As a child, Tom Jones was raped and sold for sexual exploitation. It wasn’t until he was 15 that the brutality ended.
But, like many male victims of sex trafficking, he kept the pain inside, carrying his trauma for another 15 years before he opened up about his abuse and two suicide attempts.
And it’s precisely because sex trafficking is seen as only a women’s issue that male victims find it hard to find help, let alone have someone believe their story. In an ECPAT-USA report, one interviewee noted that law enforcement tends to treat these cases with suspicion. While filing a trafficking report, an officer even asked “Why couldn’t he get away? He’s a boy.”
USA Today reports that societal perceptions of sex trafficking fuel the stigma attached to male victims:
“Boys hear that it only happens to girls,” Steven Procopio, clinical director of MaleSurvivor, a network of therapists and survivors, says. “This is seen as a gender-biased, gender-specific issue.”
“Boys don’t fit the popular script of who is and isn’t a victim of trafficking. Liam Neeson didn’t bust through doors in the Taken movies to rescue his son. Journalists seldom write heartbreaking stories about 15-year-old boys sold on Backpage.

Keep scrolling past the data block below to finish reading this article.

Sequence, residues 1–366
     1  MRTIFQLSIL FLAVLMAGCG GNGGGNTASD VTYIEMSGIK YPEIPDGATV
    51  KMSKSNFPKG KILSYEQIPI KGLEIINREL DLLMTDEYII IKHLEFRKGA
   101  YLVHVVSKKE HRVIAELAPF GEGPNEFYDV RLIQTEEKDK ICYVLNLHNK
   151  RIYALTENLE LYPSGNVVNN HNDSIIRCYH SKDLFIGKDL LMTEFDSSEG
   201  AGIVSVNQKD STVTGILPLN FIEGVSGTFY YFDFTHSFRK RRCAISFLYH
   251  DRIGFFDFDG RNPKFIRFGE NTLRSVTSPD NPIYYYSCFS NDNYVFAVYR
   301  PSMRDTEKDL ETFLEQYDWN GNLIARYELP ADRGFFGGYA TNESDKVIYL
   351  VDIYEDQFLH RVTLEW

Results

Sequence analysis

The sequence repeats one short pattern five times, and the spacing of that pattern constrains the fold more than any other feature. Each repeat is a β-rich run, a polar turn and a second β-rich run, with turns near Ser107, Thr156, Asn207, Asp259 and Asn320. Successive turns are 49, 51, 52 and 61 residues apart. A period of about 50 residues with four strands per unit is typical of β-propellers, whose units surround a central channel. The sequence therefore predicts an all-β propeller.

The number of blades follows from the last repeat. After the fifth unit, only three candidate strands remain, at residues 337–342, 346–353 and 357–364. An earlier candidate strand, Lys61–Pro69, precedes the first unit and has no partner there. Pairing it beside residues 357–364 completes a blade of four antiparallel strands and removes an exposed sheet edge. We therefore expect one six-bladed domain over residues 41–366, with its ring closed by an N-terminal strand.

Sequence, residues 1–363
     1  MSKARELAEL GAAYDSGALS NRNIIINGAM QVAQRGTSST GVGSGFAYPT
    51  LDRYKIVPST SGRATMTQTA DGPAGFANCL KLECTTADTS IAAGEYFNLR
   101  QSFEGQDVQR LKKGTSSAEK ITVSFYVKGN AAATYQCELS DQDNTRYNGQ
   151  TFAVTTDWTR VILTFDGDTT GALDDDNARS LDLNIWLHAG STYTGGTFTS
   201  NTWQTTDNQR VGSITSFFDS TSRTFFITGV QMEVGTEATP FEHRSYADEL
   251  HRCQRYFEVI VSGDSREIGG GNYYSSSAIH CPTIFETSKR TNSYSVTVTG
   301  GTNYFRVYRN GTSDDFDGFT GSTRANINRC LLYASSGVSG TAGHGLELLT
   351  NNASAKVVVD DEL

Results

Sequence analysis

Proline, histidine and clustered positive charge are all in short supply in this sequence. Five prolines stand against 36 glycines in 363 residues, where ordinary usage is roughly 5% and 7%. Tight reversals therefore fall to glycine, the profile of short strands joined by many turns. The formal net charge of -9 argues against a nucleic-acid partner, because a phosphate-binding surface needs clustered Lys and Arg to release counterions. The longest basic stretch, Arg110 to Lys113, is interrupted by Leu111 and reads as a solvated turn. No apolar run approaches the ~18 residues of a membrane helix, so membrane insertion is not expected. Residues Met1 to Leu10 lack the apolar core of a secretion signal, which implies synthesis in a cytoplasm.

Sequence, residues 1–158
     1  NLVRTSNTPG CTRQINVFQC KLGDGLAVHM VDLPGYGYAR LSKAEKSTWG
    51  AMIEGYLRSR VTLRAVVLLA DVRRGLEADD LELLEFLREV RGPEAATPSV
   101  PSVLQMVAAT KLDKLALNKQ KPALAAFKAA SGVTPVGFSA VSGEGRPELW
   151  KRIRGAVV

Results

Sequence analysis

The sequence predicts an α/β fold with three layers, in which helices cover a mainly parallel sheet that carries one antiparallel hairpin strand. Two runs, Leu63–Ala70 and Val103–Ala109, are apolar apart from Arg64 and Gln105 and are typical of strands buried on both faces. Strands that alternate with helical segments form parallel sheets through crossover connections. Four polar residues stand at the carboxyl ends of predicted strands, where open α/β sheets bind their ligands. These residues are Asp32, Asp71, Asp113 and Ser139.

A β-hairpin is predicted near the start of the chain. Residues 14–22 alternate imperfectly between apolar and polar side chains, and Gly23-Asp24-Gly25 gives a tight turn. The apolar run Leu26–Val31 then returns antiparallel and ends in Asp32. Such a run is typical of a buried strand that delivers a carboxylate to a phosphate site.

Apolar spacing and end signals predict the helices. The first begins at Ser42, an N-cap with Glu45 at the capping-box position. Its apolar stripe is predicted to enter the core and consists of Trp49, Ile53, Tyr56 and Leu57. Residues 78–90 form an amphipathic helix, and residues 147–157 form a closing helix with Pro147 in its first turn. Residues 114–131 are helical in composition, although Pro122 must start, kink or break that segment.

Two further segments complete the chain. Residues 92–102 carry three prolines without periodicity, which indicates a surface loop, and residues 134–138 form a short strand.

The reluctance to speak up is understandable, but it carries damaging consequences. Victims feel even more isolated. Government agencies and nonprofits are reluctant to provide services for an invisible population. Police, teachers and others in regular contact with youth don’t receive training in how to identify and help male victims.
Procopio and others also point to another bias — discrimination against gay males and transgender people — that prevent boys and transgender victims from being seen as victims who deserve help. “There’s a lot of homophobia. But this issue is not about sexual orientation,” Procopio says. “Trafficking is about power and control.”
Anti-trafficking non-profit Polaris Project explains that gay and transgender youth are more at risk of being trafficked because family conflicts push many to run away from home. On the streets, runaway kids — no matter their gender or sexual orientation — are highly vulnerable to abuse.
Tom Jones now works to help other men who are survivors of trafficking for sexual exploitation, but he says it hasn’t been easy. Many of the men are still reluctant to speak to counselors and most do not want to talk face to face. “They haven’t told even their families what they’ve been through,” Jones says.
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